How to travel around Palestine? How to get from Bethlehem to Jericho?
If your base point is Bethelem like for us and you want to see more of Palestine, go to the central station (or take any of the yellow minivans because they all head there) and ask around for your destination.
The price to go to Jericho is 25 ILS per person, but if you don’t want to wait for your bus to get full, you might need to pay more, after one hour of waiting, we decided to pay 40 ILS each.
Jericho and the Dead Sea
The main tourist attractions of Jericho (except for the fact that it’s the oldest city in the World) are monasteries – namely Monastery of Saint George and the Monastery of the Temptation, to visit them, you have to take a taxi. If you want to visit the Monastery of the Temptation, you can also take a cable car which starts less than 2 km from the city center. The cable car costs 60 ILS per person, so we decided to take a taxi, which takes you all the way up for about 20 ILS (one way), depending on your haggling skills. To get to the desert to see Saint George monastery, prepare about 60 ILS each way. Both monasteries are very nice, but mostly from the outside and for the views.
The next place where to go is for most people the Dead Sea, the most saline lake in the World. If you want to make it in one day together with Jericho, you have to take a taxi again, try to find someone who has a contact at one of the beaches and can get you in for free or cheaper, otherwise you’ll have to pay not only 60-80 ILS for the taxi, but also around 60 ILS/person (49 ILS for students) for an entrance fee. (Kalya beach) You can also get to the Dead Sea by bus from Jerusalem (Egged company), there are buses coming couple times a day stopping in the biggest town En Gedi. We don’t have experience with that, but the ticket can’t cost more than 60 ILS, this bus is usually full, so go and buy yourself a ticket in advance. It is possible to buy the ticket online, but only in Hebrew, if you don’t have a friend who speaks Hebrew, it is nearly impossible to do it, the app/website is not intuitive.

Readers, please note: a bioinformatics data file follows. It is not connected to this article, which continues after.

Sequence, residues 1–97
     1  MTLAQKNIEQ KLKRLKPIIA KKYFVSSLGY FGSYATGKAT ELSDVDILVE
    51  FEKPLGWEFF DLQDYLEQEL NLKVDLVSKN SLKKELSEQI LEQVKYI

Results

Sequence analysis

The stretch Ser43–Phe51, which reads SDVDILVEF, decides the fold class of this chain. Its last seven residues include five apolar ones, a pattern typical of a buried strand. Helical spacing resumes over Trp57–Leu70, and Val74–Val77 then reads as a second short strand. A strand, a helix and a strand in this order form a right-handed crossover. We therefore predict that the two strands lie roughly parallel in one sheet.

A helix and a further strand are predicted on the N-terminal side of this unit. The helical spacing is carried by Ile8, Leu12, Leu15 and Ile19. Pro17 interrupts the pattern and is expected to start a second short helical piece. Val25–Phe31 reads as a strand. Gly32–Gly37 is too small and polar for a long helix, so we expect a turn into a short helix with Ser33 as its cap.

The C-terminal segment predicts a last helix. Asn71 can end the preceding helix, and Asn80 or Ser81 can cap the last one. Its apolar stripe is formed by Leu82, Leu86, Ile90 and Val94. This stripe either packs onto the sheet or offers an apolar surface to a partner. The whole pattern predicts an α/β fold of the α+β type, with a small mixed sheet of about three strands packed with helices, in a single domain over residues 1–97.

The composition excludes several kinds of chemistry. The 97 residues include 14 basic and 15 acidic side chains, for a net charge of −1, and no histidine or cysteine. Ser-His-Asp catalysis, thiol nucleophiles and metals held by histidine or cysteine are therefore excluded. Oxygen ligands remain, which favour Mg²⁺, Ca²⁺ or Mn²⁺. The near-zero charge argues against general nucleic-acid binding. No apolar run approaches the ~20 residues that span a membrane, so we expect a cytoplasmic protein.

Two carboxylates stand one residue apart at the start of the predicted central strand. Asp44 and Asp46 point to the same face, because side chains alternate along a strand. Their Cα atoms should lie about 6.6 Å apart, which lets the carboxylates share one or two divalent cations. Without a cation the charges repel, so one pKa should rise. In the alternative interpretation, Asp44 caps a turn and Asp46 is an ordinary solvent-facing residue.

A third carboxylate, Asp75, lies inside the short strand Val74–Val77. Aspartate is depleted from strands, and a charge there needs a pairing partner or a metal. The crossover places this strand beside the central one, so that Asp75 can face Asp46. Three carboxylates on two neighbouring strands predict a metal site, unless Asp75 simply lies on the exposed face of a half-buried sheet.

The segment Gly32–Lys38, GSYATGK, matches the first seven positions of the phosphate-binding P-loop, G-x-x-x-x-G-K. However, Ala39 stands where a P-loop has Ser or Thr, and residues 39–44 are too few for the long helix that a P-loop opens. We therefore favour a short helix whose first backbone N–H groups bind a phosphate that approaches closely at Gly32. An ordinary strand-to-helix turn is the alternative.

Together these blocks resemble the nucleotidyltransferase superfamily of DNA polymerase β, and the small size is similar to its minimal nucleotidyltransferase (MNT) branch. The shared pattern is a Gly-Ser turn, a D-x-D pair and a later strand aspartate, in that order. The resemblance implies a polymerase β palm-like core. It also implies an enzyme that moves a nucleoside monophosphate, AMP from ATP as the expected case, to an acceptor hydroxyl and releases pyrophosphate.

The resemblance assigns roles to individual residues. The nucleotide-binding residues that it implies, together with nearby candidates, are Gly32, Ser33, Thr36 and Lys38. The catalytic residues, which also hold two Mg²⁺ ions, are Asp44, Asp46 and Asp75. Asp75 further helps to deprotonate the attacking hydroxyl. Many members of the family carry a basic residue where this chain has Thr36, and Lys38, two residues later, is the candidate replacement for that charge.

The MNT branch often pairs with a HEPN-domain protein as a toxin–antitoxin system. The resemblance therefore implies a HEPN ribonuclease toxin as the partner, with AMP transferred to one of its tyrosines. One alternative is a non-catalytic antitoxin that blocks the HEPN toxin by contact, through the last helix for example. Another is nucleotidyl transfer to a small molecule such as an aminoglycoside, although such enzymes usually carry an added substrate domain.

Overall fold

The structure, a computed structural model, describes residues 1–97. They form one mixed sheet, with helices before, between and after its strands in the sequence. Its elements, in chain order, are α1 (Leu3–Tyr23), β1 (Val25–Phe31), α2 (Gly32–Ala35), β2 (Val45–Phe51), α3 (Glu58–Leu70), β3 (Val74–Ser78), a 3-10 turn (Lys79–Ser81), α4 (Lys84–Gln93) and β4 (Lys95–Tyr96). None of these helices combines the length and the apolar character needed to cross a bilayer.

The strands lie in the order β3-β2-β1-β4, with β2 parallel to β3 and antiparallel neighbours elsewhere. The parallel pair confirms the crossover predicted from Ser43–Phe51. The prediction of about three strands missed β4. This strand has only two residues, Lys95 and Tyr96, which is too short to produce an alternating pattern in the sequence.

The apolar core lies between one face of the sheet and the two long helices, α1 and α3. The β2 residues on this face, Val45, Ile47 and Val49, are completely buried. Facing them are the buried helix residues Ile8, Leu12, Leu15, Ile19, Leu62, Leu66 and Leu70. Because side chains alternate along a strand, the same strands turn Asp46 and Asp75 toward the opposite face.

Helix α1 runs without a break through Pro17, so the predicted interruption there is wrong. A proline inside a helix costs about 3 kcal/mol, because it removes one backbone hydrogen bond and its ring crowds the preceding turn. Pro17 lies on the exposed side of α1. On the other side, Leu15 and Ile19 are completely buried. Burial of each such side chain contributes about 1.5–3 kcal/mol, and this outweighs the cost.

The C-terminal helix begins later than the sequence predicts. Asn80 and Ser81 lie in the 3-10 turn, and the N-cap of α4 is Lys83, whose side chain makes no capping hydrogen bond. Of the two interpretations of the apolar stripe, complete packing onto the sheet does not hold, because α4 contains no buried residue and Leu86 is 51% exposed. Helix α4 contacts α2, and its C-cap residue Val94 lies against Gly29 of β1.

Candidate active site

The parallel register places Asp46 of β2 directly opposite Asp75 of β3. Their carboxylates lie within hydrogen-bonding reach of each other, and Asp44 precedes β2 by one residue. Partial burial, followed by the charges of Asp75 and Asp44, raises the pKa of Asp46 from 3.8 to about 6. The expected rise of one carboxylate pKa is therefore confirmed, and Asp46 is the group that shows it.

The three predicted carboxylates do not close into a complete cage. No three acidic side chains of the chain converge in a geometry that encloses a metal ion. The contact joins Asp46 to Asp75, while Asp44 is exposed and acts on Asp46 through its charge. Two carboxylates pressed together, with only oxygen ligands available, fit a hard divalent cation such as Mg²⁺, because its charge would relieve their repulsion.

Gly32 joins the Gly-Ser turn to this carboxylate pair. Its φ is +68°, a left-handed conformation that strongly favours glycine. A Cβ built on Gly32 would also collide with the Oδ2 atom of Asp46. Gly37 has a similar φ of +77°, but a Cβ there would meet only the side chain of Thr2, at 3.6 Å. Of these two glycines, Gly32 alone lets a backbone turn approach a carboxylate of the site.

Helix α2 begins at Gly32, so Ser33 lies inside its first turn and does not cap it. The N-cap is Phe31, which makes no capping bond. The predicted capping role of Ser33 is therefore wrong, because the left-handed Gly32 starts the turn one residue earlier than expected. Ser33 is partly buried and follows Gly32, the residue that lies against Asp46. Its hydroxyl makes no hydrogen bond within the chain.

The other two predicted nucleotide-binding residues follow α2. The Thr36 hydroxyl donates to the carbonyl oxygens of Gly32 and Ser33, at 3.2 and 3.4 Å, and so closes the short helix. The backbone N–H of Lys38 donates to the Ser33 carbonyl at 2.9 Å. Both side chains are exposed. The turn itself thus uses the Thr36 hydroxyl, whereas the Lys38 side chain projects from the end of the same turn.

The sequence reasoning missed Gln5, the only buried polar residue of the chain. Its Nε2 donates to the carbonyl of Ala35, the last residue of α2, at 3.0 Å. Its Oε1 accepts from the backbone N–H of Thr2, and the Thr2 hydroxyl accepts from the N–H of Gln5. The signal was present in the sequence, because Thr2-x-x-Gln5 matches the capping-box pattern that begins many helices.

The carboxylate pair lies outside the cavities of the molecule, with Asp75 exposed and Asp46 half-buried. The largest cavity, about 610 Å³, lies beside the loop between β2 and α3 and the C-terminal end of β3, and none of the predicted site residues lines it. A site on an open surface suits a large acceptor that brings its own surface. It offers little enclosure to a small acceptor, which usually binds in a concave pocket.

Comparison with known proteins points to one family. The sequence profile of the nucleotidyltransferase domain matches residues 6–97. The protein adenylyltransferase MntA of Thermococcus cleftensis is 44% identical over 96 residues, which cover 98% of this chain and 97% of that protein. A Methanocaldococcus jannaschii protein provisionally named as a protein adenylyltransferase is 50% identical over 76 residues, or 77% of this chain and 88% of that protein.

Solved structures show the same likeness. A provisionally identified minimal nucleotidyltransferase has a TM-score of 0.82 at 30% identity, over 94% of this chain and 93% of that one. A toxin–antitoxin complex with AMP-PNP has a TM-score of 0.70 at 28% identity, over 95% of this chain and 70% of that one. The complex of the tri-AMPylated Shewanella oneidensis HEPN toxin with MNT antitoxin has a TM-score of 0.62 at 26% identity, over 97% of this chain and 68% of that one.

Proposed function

Knowledge from Palestine:
- Palestine is safe for travellers/tourists.
- Palestinians drive like crazy. Don’t rent a car, because there are no rules and the driving style is very wild.
- You can and should haggle. But surprisingly we haven’t experienced people trying to cheat on us with prices too much. They ask for more, but it is not 5 times more or so as you might expect if you have ever visited any developping countries.
- Food is cheaper than in Israel, but the prices are still high. The souvenirs are a lot cheaper.
- I am not sure if it’s allowed, but It is possible to take a little bit of mud from the Dead Sea with you. It’s a nice memory and good for the skin.
- I have learnt to expect unexpectable like learning how to dance salsa on a Palestinian salsa party.